In downtown Seattle, the crews are putting the finishing touches on a striking new skyscraper. The Rainier Square Tower is around 300 meters high and has already redrawn the city’s skyline as the second tallest building.
But there’s an open question for this – and every – new office space in Seattle: will it ever be filled with workers?
As in any other city, Seattle office buildings have been largely uninhabited since the pandemic began due to remote working. Fortunately, with the introduction of the vaccine, the end could be in sight. However, there is a worrying sign that Seattle office buildings – and, by extension, downtown – may not be bouncing back as quickly as some other major markets.
It’s also a paradox because Seattle’s economy is buzzing along with it. New data from the Bureau of Labor Statistics shows Seattle is characterized by a recovery in employment among workers who normally work in offices.
In most major markets, office workers were fewer in December than in February, just before the pandemic turned everything upside down. In Seattle, however, the number of office workers has increased by just over 1%.
So you might think that local businesses are considering moving to new office space again and envision a return to normal in the not too distant future. But that doesn’t seem to be happening.
In fact, the interest in renting new office space is furthest from the pre-pandemic in Seattle when compared to other major markets. This comes from a new report from New York-based VTS, which provides leasing and asset management software for commercial real estate rental companies.
VTS creates a monthly index number that measures companies’ interest in new office space. An index value of 100 indicates a typical level of demand in recent years (the index was first created in 2018).
In February, Seattle had an index value of 86. By December it had fallen to 17. This is an 80% decrease, the largest of the seven markets included in the study.
The VTS index is a novel way of measuring demand for office space. Traditionally, this demand is measured at the point a company signs a lease or moves into a room. Instead, VTS examines the number of office space visits by potential tenants.
Tours are important because that’s how a company hits the market first, says Eli Gilbert, head of market research at VTS.
“The renter goes out with a realtor just like you buy a house and you go to several different buildings,” Gilbert says. “That is the point that we record in the VTS system.”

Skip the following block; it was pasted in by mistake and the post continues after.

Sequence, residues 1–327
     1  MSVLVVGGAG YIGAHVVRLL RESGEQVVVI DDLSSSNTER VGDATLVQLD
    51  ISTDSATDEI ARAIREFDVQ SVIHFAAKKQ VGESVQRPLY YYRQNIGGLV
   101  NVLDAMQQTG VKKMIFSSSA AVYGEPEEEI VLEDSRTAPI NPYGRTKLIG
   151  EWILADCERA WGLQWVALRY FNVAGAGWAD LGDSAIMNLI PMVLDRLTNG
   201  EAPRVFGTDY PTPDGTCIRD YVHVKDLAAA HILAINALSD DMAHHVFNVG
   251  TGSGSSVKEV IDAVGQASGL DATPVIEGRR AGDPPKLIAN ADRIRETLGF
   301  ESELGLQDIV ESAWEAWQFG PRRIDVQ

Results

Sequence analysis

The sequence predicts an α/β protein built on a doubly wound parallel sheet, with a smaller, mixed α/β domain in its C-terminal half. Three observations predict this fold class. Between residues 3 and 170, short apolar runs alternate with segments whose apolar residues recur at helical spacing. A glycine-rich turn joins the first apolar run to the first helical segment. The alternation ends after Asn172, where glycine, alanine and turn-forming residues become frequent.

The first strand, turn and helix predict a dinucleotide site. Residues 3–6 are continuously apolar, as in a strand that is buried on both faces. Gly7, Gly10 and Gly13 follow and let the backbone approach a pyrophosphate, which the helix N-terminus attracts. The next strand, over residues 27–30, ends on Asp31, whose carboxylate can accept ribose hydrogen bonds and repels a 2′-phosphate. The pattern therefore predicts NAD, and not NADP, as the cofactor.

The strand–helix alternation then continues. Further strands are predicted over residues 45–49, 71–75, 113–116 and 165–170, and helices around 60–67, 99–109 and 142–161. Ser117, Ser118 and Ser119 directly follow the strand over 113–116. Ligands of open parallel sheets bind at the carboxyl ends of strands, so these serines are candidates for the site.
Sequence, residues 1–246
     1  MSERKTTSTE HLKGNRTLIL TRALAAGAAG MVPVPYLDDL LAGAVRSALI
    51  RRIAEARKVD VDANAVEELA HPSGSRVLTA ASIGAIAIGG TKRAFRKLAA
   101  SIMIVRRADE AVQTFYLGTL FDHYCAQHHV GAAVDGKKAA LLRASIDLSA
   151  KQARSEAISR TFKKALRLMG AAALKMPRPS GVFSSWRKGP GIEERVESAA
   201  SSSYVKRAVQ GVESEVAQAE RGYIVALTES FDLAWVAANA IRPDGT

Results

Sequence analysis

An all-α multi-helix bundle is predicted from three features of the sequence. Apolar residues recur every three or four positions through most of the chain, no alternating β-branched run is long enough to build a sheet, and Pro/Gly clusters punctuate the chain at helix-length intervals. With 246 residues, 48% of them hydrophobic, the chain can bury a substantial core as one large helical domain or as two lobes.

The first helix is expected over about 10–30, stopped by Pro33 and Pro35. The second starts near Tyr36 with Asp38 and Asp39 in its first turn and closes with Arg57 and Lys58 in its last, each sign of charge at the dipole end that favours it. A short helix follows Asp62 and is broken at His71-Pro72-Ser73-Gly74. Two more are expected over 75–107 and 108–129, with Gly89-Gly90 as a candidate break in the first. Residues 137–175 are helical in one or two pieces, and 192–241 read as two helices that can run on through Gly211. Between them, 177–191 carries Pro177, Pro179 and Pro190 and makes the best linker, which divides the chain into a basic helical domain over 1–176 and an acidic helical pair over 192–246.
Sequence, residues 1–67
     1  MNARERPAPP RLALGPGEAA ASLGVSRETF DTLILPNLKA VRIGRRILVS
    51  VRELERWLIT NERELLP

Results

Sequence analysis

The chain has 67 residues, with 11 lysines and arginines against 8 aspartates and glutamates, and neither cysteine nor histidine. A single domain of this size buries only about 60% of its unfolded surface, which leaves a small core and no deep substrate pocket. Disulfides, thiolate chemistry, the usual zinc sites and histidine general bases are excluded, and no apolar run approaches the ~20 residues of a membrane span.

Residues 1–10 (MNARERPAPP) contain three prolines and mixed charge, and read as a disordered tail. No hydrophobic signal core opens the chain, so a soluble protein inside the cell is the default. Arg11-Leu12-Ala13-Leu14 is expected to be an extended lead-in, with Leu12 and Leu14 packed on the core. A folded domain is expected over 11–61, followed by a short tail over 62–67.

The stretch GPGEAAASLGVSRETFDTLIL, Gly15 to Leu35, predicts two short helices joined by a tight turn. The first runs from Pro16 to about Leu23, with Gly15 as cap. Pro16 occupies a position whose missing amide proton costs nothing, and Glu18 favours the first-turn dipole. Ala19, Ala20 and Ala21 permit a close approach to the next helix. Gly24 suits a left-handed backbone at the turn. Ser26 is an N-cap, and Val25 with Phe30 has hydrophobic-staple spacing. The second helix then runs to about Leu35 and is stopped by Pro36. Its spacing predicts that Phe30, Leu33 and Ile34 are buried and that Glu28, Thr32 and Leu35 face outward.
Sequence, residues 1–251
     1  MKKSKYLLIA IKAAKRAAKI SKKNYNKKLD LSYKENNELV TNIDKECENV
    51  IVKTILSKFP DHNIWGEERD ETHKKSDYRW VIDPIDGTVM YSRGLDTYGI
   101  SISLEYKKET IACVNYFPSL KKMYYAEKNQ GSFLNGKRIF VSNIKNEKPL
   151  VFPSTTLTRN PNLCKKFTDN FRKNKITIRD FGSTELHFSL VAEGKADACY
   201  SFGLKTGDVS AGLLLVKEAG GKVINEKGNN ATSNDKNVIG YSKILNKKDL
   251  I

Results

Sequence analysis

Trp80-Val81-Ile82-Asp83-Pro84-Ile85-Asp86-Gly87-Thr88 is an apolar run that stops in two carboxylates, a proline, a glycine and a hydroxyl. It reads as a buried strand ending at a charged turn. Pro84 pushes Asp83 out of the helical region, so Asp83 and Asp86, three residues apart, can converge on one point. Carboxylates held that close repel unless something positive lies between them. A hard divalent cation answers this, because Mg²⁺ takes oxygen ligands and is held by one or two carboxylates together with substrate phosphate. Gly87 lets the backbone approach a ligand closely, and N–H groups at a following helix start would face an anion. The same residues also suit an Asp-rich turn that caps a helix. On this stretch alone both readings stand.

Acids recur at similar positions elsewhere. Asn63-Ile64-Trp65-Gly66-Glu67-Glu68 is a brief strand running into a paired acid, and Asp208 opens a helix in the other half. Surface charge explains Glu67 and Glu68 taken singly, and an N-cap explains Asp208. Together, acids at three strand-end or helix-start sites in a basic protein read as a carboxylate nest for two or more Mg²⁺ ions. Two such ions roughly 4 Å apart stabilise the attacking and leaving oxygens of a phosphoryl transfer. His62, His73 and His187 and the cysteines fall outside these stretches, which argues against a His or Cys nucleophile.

Because the data captures a much earlier point in the office rental process, Gilbert believes the VTS index is the single most important indicator of tenant behavior. He says the system is capable of tracking almost 100% of the tenants who come to a market.
While social distancing guidelines initially had a negative impact on tours, the industry has been more comfortable navigating face-to-face interactions, Gilbert says. The VTS data also track virtual tours.
As we (we hope) step into the home of the pandemic, the question remains, why has interest in office space declined so dramatically in Seattle, even though employment in office jobs has increased – and is this a sign of doom for us downtown?
At this point in time, we can’t really know. It could simply be a brief delay between hiring new workers and renting office space. Perhaps interest in office space will increase in the coming months.
But it could also be a sign of a more fundamental shift to remote working in the Seattle area – more here than in most other markets. And for that, you can thank (or blame, depending on your perspective) our dominant industry: Tech.
“Markets or cities with a much higher proportion of technology vendors are likely to be most comfortable working from home,” Gilbert says. “These companies’ plans to return to the office may be delayed as they plan for the next several years in this post-COVID environment.”
Tech companies naturally have the most developed remote working infrastructure, and the largely younger workforce is more comfortable with this type of work arrangement.
“You can give the kid a laptop and headphones and they’ll work at Starbucks for the rest of their lives,” Gilbert said.
In contrast, the culture of law firms or financial services, for example, is much more personal. And physical office space plays a more important role in the life of a lawyer than a technician, Gilbert says.
Downtown Seattle with its mostly empty office towers is no longer the place it was a year ago. There is only a fraction of the workers, buyers and visitors that once existed. While it is too early to know how much of the disruption caused by the pandemic will be long-term or even permanent once the coronavirus is contained, enormous challenges are certainly ahead.
But for a city to thrive, it needs a healthy core – and it’s not too early for our city guides to ponder what steps we can take to get downtown Seattle going again in a post-pandemic world.